But as we started shifting from vision to action, we had to change this approach. Abbott Square wasn’t shaping up to be another project in a portfolio of MAH projects. It was changing our community, and it had to change our organization. I needed to desilo the project. I needed to open it up to our staff’s expertise. I needed to invite staff members to feel like owners of it.
Even once I understood this, I wasn’t sure when and how to shift. There were so many questions about Abbott Square where the answer was, “I don’t know yet.” There were so many parts of the project that took up a ton of my time but shouldn’t concern others. There were stressful moments—getting permits, settling the lawsuit—that could have been big distractions for our staff. I felt protective of their time. I wanted to insulate them from the strange world of the project. I wanted to wait until I could answer their questions with something other than “I don’t know yet.”
And so I waited.
It never felt like the right time to make the shift. I never felt like I had enough information for staff. I never felt ready to ask people to shift their attention to something that didn’t exist yet. I hated being unsure of dates and timelines. I kept telling myself we should wait a little longer.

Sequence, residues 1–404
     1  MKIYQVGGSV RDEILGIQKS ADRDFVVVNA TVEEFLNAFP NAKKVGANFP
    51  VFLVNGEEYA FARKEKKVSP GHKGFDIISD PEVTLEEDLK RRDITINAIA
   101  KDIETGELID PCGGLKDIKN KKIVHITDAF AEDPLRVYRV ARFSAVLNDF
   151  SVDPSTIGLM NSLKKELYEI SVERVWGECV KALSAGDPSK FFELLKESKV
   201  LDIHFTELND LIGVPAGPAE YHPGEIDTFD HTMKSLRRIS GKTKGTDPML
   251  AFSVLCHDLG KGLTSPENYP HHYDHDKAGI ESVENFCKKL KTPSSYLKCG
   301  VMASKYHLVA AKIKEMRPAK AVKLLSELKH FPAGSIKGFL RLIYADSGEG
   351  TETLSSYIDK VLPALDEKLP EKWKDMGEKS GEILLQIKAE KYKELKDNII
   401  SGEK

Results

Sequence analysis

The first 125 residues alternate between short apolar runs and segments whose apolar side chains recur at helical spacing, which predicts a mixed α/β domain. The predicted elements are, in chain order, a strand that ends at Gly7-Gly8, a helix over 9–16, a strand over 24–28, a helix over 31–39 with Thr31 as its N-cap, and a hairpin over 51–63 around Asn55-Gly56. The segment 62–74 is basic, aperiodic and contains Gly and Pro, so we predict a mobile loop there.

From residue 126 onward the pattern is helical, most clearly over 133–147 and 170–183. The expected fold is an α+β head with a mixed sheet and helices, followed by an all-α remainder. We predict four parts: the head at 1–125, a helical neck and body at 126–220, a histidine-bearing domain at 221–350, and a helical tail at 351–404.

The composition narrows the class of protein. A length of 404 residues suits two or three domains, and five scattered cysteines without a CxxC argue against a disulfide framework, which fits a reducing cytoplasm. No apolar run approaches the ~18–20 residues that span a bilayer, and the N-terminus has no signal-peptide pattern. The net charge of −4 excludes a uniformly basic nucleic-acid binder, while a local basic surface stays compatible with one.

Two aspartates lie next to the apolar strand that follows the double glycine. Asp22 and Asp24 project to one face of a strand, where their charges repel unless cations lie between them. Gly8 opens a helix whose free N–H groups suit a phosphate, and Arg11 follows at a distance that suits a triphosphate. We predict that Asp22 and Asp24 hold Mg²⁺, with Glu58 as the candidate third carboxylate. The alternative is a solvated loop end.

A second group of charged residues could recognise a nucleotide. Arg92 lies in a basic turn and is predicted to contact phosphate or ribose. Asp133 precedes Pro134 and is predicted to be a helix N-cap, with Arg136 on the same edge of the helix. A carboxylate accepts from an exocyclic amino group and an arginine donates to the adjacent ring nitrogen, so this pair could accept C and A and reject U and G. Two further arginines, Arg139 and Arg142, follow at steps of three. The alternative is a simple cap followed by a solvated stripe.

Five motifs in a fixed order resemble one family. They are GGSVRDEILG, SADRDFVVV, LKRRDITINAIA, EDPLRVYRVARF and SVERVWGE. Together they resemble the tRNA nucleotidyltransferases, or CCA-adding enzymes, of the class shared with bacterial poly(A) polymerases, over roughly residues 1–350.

But then two things happened that made me feel like I had to act. First, our Development Director moved on from the MAH when the campaign wrapped up. My main staff partner on the project was gone. And Intersection for the Arts fell into crisis.
Intersection is a San Francisco-based arts organization I had long admired. In the mid-2000s, under the leadership of Deborah Cullinan, they entered into a partnership with a real estate developer to move into a new building and transform their business model. The move was ambitious, innovative, and bold—everything Deborah was known for. Three years after the move, Deborah left Intersection to become the new CEO of the Yerba Buena Center for the Arts. She thought she was leaving Intersection in a strong position. Instead, within a year, it fell into financial crisis.
I know very little about Intersection’s move, meltdown, and subsequent regrowth. But I do know this: the financial crisis underscored the need for the whole organization to understand and embrace the move in all its complexity.